"In some locations of the US, the disposal of wastewater associated with oil/gas production, including hydraulic fracturing operations, appears to have triggered some low-magnitude seismic activity," concedes Drysdale, the Geological Survey spokesman. But in California, he adds, oil companies are required to evaluate surrounding geology before disposing of wastewater underground, and can't inject it at dangerously high pressures.

Yet Grinberg, a coauthor of the "Shaky Ground" report, says that the existing regulations don't go far enough now that quake-prone California is poised for a fracking boom. Though he'd like to see a moratorium on fracking while the risks are studied, he wants any eventual regulations to at least require seismic monitoring at or near injection wells and to look at the cumulative earthquake risk of entire oil fields.

Listen: Radio Ads From America's Pot-Growing Mecca

| Mon Mar. 17, 2014 6:00 AM EDT

No place in America grows as much marijuana as Northern California's Trinity, Mendocino, and Humboldt counties. Backcountry pot farming isn't just a leading industry in the so-called Emerald Triangle; it's pretty much the only industry. As I discovered on a recent road trip to investigate the environmental impacts of large-scale pot farming, nowhere is this more obvious than on the radio. Here's a sampling of actual ads you're likely to hear on the way to your neighbor's bud-trimming party:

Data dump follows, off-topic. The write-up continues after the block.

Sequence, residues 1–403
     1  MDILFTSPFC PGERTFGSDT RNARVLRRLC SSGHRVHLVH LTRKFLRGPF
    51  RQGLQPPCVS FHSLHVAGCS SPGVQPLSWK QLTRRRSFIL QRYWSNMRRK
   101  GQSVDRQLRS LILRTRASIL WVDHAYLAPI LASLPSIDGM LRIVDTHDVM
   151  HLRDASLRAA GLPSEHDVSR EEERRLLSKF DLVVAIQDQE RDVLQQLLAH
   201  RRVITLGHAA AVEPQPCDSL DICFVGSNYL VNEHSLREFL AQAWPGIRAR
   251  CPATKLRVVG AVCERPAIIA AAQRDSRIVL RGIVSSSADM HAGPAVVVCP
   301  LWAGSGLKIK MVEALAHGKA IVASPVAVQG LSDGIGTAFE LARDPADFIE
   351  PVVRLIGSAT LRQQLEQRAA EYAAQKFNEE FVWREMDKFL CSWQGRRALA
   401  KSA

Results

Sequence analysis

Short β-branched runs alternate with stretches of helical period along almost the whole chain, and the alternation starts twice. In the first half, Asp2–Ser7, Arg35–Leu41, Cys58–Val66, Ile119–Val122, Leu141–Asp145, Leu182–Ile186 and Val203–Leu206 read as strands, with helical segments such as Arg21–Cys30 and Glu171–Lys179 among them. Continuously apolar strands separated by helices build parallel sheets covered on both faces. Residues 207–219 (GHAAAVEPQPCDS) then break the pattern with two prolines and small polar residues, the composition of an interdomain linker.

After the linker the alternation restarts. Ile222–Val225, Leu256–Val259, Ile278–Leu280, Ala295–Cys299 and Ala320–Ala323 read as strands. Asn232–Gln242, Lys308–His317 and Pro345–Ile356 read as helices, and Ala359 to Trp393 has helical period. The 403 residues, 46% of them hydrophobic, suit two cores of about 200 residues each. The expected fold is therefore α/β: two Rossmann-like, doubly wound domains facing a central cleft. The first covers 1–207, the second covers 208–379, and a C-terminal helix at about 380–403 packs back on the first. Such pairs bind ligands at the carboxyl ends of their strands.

Mon Dec. 7, 2009 4:00 PM EST
Wed Nov. 25, 2009 5:14 PM EST
Wed Nov. 25, 2009 1:11 PM EST
Mon Nov. 23, 2009 2:13 PM EST
Thu Nov. 19, 2009 8:00 AM EST
Mon Nov. 9, 2009 8:00 AM EST
Mon Oct. 26, 2009 2:14 PM EDT
Fri Oct. 23, 2009 5:21 PM EDT
Thu Oct. 22, 2009 2:03 PM EDT
Wed Oct. 21, 2009 1:25 PM EDT
Mon Oct. 19, 2009 7:49 PM EDT
Sat Oct. 17, 2009 3:14 PM EDT
Fri Oct. 16, 2009 7:38 AM EDT
Fri Oct. 16, 2009 7:05 AM EDT
Wed Oct. 14, 2009 1:33 PM EDT
Tue Oct. 13, 2009 6:48 PM EDT
Fri Oct. 9, 2009 7:02 AM EDT
Thu Oct. 8, 2009 2:43 PM EDT
Thu Oct. 8, 2009 7:02 AM EDT
Wed Oct. 7, 2009 2:49 PM EDT
Mon Oct. 5, 2009 7:24 PM EDT
Mon Sep. 28, 2009 2:18 PM EDT
Tue Sep. 22, 2009 6:13 PM EDT
Mon Sep. 21, 2009 1:24 PM EDT
Thu Sep. 17, 2009 6:56 PM EDT
Thu Sep. 17, 2009 5:18 PM EDT
Wed Sep. 16, 2009 5:29 PM EDT
Wed Sep. 16, 2009 2:51 PM EDT
Wed Sep. 16, 2009 1:01 PM EDT
Tue Sep. 15, 2009 4:51 PM EDT
Thu Sep. 10, 2009 2:12 PM EDT
Wed Sep. 9, 2009 1:13 PM EDT
Tue Sep. 8, 2009 5:29 PM EDT
Fri Sep. 4, 2009 4:14 PM EDT
Thu Sep. 3, 2009 6:05 PM EDT
Thu Sep. 3, 2009 1:34 PM EDT
Wed Sep. 2, 2009 4:22 PM EDT
Wed Sep. 2, 2009 1:48 PM EDT
Tue Sep. 1, 2009 6:32 PM EDT
Tue Sep. 1, 2009 4:30 PM EDT
Tue Sep. 1, 2009 1:44 PM EDT
Mon Aug. 31, 2009 1:49 PM EDT
Fri Aug. 28, 2009 2:39 PM EDT
Thu Aug. 27, 2009 4:03 PM EDT
Wed Aug. 26, 2009 3:00 PM EDT
Thu Aug. 13, 2009 1:53 PM EDT
Mon Jul. 27, 2009 7:00 AM EDT
Fri Jul. 24, 2009 8:55 PM EDT
Thu Jul. 23, 2009 8:00 PM EDT
Wed Jul. 22, 2009 2:11 AM EDT
Thu Oct. 18, 2007 3:00 AM EDT
Thu Oct. 18, 2007 3:00 AM EDT
Thu Oct. 18, 2007 3:00 AM EDT
Thu Oct. 18, 2007 3:00 AM EDT
Thu Oct. 18, 2007 3:00 AM EDT